Those films attracted her to watch more films, especially  those of the horror genre.   Her fascination with videos  and films was evident in all her assignments she did for her  graphics and design course, so much so that her lecturer told her she should be pursuing films instead. 
She took up her lecturer’s advice and graduated with a  master’s degree in filmmaking  from the London  Film School before 
returning home for good six years ago.Eu loves to explore the female psyche within the context of Southeast Asia in her short 
films. Currently, she is working on her first feature film. 
“It is a big jump from making  shorts to a feature film and I do not want to rush into it,” she says. 
“I know many people  who started their film directing  career late in their life. But age should not matter in this 
She admits the stories she  loves to tell are not commercial  types and getting finance for her projects is going to be difficult. 
But she is not ready to change her style yet. 
“I know the journey is going to be difficult but it will be worthwhile,” she adds.

Wednesday, August 9, 2017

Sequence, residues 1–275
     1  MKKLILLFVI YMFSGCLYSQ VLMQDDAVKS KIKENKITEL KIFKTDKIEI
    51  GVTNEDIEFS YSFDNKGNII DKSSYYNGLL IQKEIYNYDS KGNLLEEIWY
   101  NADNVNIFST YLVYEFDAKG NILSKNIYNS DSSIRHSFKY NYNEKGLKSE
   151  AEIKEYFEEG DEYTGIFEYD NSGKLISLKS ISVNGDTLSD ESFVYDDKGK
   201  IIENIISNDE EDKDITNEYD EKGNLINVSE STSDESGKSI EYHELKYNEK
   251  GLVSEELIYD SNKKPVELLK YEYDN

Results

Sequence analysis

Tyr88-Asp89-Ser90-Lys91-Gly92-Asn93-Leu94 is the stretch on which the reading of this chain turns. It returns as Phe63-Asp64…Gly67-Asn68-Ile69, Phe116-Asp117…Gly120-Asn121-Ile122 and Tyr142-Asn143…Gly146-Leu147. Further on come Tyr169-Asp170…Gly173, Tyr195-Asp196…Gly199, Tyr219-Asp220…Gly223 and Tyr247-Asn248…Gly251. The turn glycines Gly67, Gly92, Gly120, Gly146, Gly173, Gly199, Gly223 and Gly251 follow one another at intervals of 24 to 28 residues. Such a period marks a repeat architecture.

Shweta Chari from India has set up an organization that donates toys,  board games and have play sessions with under privilege children . She talks about her organization to theSun. Read the full interview here

Headline: Strictly All About Child's Play
By Bissme S

Playing with toys is one of the joys of childhood. Unfortunately, not every child will be able to have a toy of his or her own, especially those living in poverty. One woman, Shweta Chari, is slowly changing this situation in her native India, through her non-profit organisation Toybank. 
Besides donating toys and educational board games to underprivileged children, Toybank has also set up ‘toy libraries’ where Shweta and her volunteers conduct play sessions with the children. 
“[The sessions are] with children [who live] below the poverty line,” says Shweta, 35, when met recently in Kuala Lumpur. 
“Most of these children do not know where their next meal is coming from.” 
It all began in 2004 in Mumbai, when Shweta, an engineering graduate, volunteered to teach mathematics to underprivileged children.
“They were not happy to see me,” Shweta recalls. 
“They were not that friendly. And they were not paying attention to what I was teaching. I felt so frustrated that I could not connect with the children.”